What is the issue?
P11D dispensation agreements have ceased and associated expenses and benefits legislation has changed from April 2016.
What does it mean to me?
Business expenses that are deductible by employees will become exempt if reimbursed by employers, subject to conditions. They will not be reportable by anyone and dispensations (reporting waivers) will be abolished. In the case of tax-deductible allowances, these and any other bespoke matters now included in dispensations, will need to be covered by new and separate agreements with HMRC (called approval notices). At the same time any reimbursement of travel, some other expenses and certain benefits in conjunction with salary sacrifice schemes, will become taxable.
Employers will need a system in place to check that employees have incurred expenditure before they make a tax-exempt reimbursement by way of a scale rate payment.
What checks do I need to be making?
For the new exemptions to apply, employers will need to have a robust checking system in place to ensure that:
- Employees are in fact incurring and paying expenses of the kind reimbursed
- A tax deduction would be allowed in respect of those amounts and if not they are being picked up for inclusion on P11D
The extent of checking undertaken by the employer will depend upon the scale of the business. They will need to demonstrate that someone other than the employee incurring the expense is responsible for ensuring that the payment:
- Relates to qualifying travel in the case of travel and subsistence expenses
- Does not include disallowable items
- Is not excessive
The form and regularity of the checks will depend on the following factors:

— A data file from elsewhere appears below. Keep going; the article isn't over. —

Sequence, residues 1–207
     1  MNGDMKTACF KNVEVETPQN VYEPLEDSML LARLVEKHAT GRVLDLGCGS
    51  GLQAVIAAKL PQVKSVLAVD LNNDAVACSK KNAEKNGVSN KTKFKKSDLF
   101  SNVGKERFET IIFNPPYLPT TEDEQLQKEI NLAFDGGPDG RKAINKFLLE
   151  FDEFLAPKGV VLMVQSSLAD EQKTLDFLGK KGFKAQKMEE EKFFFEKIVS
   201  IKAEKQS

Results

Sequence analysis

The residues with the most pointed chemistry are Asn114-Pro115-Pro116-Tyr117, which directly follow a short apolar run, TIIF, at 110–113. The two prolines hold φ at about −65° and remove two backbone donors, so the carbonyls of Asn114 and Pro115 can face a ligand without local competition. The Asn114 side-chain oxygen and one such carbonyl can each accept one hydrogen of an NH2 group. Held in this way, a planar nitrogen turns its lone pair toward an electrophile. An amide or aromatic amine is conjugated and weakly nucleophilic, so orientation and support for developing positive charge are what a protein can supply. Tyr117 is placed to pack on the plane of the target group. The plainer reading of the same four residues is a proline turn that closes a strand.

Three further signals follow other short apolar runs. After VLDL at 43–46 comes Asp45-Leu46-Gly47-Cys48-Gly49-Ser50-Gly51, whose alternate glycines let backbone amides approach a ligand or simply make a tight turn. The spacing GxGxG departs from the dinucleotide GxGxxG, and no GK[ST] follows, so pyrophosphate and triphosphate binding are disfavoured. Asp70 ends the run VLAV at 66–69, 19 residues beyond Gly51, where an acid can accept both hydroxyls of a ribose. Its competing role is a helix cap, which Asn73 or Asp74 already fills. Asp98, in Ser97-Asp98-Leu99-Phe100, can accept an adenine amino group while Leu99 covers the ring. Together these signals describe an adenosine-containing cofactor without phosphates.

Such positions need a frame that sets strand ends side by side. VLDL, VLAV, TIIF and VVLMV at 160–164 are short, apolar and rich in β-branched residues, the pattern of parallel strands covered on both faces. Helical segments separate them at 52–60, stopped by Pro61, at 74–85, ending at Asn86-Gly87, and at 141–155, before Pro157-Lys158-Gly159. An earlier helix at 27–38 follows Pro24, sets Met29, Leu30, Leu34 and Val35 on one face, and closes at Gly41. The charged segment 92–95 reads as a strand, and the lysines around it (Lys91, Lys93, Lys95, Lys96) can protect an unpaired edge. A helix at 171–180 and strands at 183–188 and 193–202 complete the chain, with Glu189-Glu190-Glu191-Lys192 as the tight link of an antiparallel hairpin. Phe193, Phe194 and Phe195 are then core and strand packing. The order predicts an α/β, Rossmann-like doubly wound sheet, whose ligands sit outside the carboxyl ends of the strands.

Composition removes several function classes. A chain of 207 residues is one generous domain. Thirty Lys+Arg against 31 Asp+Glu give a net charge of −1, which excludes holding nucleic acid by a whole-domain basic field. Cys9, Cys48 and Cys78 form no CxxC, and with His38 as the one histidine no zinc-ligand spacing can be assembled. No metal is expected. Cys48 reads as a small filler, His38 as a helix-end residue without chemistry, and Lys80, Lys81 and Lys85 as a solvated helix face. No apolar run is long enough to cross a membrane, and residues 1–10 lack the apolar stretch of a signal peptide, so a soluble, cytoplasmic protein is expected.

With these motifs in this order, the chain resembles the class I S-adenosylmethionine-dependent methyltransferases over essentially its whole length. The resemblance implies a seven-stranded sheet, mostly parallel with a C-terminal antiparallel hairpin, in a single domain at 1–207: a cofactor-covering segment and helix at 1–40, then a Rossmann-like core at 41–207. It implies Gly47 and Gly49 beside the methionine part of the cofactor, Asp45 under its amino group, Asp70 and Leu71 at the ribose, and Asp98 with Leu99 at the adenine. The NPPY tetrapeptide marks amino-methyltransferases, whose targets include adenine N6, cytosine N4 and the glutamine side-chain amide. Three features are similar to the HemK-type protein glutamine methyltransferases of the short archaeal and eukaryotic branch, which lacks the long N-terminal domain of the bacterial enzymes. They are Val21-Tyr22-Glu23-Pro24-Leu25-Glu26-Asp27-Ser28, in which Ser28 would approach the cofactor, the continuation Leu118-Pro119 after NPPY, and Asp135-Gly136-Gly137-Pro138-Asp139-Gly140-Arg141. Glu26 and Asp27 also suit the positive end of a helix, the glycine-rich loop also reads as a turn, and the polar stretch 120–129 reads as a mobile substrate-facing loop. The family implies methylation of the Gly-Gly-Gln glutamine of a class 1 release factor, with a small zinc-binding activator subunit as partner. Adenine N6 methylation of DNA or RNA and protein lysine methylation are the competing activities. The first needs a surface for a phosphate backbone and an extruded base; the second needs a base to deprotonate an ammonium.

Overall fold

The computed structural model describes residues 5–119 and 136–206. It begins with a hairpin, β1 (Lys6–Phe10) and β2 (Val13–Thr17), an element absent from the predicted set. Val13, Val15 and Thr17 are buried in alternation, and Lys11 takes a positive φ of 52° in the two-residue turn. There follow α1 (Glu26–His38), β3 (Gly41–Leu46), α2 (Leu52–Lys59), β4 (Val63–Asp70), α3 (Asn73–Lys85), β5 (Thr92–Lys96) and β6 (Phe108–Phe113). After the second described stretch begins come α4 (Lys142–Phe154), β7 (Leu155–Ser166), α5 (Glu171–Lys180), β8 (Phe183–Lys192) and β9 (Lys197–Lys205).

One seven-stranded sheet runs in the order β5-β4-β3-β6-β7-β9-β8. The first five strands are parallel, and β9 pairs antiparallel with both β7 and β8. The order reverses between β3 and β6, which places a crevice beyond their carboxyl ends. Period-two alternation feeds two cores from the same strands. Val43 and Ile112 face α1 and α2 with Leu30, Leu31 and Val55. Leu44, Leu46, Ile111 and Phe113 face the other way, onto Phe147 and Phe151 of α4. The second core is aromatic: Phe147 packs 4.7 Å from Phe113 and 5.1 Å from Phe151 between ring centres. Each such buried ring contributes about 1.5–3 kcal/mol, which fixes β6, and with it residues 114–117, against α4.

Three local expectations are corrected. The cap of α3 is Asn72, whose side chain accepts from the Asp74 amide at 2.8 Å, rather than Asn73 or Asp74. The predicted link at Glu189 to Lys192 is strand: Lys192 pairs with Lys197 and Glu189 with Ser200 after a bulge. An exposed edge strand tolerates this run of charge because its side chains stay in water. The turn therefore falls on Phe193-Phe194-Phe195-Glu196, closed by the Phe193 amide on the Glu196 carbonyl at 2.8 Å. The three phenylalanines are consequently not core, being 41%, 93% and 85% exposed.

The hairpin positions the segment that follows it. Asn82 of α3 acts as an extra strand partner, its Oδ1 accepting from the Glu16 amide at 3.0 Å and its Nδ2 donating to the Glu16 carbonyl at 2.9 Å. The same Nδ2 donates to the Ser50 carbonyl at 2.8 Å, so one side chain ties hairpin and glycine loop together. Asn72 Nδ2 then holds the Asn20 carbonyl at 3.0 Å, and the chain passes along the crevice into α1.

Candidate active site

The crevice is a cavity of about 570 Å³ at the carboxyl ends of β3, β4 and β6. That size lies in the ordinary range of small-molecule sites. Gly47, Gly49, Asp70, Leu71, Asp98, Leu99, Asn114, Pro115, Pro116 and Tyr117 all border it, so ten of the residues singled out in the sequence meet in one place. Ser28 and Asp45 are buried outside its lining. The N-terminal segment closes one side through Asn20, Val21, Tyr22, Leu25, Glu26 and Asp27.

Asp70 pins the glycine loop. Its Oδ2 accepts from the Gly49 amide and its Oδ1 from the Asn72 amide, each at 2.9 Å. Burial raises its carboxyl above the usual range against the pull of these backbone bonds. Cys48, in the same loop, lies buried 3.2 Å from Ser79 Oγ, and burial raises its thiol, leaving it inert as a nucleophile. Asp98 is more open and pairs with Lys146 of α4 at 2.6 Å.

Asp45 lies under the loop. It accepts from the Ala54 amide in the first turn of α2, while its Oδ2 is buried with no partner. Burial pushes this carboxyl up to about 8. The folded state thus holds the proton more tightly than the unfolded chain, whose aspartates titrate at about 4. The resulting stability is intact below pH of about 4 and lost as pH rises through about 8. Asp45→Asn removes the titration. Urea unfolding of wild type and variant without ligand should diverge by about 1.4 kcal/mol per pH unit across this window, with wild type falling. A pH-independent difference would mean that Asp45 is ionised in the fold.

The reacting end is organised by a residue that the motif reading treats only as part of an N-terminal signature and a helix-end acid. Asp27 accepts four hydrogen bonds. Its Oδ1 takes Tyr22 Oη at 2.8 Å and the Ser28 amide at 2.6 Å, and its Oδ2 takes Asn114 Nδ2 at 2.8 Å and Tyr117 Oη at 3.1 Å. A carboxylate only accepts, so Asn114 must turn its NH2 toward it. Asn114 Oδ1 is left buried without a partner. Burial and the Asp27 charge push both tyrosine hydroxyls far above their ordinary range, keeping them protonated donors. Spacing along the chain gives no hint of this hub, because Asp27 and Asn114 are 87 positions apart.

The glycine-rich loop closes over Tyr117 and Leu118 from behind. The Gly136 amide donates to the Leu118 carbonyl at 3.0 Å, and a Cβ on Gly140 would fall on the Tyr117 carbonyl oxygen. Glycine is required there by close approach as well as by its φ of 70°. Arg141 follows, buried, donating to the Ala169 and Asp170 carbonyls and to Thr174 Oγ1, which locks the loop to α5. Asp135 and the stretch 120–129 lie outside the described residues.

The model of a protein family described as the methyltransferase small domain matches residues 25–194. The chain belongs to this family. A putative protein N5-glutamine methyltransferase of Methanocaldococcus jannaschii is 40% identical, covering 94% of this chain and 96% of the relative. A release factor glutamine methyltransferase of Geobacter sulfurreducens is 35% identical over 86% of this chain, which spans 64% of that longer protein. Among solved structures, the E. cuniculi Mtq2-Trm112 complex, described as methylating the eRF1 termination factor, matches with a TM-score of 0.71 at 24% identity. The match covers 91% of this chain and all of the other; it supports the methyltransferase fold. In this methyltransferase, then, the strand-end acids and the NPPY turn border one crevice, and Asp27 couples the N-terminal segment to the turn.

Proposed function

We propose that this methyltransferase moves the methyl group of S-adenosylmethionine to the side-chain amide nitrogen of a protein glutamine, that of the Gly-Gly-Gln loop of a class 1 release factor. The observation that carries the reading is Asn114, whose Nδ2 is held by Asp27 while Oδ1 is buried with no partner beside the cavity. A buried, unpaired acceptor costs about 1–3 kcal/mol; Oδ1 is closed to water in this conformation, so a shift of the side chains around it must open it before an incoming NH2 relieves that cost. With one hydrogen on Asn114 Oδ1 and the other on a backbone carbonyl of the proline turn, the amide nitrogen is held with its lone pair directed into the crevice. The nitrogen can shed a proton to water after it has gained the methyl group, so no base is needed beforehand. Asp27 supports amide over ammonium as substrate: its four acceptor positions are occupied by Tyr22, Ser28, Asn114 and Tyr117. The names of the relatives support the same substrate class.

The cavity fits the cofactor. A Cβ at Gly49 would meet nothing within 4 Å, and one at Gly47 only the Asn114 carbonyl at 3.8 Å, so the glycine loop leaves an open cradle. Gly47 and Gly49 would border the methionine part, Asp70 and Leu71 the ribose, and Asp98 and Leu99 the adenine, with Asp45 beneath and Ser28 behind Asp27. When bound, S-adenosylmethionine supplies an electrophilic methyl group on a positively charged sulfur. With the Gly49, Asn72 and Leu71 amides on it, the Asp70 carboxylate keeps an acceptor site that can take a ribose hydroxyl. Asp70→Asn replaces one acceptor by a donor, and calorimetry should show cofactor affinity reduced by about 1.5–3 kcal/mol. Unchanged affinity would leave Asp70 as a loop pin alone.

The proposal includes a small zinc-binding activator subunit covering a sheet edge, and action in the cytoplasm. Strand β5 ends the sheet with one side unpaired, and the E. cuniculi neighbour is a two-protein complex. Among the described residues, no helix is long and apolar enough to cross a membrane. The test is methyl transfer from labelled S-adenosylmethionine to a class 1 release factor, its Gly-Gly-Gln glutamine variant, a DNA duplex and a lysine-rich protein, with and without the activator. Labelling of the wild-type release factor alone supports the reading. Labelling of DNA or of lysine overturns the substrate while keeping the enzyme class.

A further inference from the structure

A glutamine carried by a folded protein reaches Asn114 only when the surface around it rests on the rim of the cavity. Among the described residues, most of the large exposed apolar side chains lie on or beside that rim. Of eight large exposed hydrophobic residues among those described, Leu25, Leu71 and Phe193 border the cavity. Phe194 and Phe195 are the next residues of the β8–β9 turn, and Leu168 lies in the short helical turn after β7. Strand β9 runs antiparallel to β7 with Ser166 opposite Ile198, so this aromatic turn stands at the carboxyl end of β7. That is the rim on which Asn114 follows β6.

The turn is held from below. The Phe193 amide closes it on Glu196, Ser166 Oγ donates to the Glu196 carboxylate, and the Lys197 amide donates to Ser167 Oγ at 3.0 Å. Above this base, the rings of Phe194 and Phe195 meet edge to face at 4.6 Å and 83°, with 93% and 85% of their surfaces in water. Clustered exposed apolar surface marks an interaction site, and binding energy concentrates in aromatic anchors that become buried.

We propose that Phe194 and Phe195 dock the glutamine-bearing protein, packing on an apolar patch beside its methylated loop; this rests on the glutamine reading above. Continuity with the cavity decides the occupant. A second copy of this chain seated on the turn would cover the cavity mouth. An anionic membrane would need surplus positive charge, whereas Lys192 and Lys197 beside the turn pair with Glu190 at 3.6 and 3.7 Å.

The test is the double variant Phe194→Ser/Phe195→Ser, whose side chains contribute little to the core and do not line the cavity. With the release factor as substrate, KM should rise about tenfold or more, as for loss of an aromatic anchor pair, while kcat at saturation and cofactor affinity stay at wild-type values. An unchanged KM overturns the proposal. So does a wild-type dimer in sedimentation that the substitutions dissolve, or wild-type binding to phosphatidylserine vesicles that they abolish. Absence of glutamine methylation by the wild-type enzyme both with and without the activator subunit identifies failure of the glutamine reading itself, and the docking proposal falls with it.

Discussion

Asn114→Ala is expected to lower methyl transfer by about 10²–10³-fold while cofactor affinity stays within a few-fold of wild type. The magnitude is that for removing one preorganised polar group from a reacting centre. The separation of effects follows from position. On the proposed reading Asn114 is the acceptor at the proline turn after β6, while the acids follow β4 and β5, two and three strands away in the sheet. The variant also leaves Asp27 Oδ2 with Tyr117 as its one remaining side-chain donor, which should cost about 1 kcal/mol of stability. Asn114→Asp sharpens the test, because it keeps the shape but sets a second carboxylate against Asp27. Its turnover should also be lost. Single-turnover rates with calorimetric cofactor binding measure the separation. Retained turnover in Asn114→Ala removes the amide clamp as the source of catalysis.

We recommend the following:
- The size and complexity of the workforce
- Uncertainty about whether employees will qualify for an exempt payment, e.g. where the temporary workplace rules apply for example. This should be more closely monitored.
- Unpredictable or non-standard work patterns, e.g. where scale rate payments have been agreed for irregular working, the employer may want to check that the agreed conditions are being met.
- The employer has no previous experience in the management of an expenses regime. Where the employer has not previously paid expenses HMRC may wish to insist on a larger or more regular sample check.
- There is evidence that the employer has failed to manage an expenses regime effectively in the past.
- Any other risk factors identified by HMRC.
What else do I need to be doing?
- Incorporate a review of the completion of the attendance records, diaries, work schedules etc. and supporting receipts obtained and retained by employees sufficient to satisfy HMRC.
- Be undertaken regularly during the year. This may be monthly, quarterly or half yearly depending on the number of factors present.
There are several key steps that employers should take now:
- Review current dispensations to determine whether all the items will be covered by the new exemptions, in particular bespoke allowances or other unusual items such as the business element of chauffeurs or jets used by senior executives.
- Determine where new agreements with HMRC will be needed, and the steps required to obtain new approval notices where required. Consider sampling, internal processes and new expenses checking procedures.
- Consider how salary sacrifice arrangements will be affected and how you will exit from them with minimum disruption.
- Review and update expense policies, documents and provide additional training for employees or managers involved in reviewing claims.
- Review international aspects of your current policies, in particular positions taken on payroll, P11Ds and tax returns.
- Identify cases in which it is uncertain that an employee’s expenses meet the conditions of the exemption. Take advice and/or discuss with HMRC how best to treat these. There is some uncertainty as to whether inclusion on P11Ds will be permitted, in any event this would come with a Class 1A NIC cost.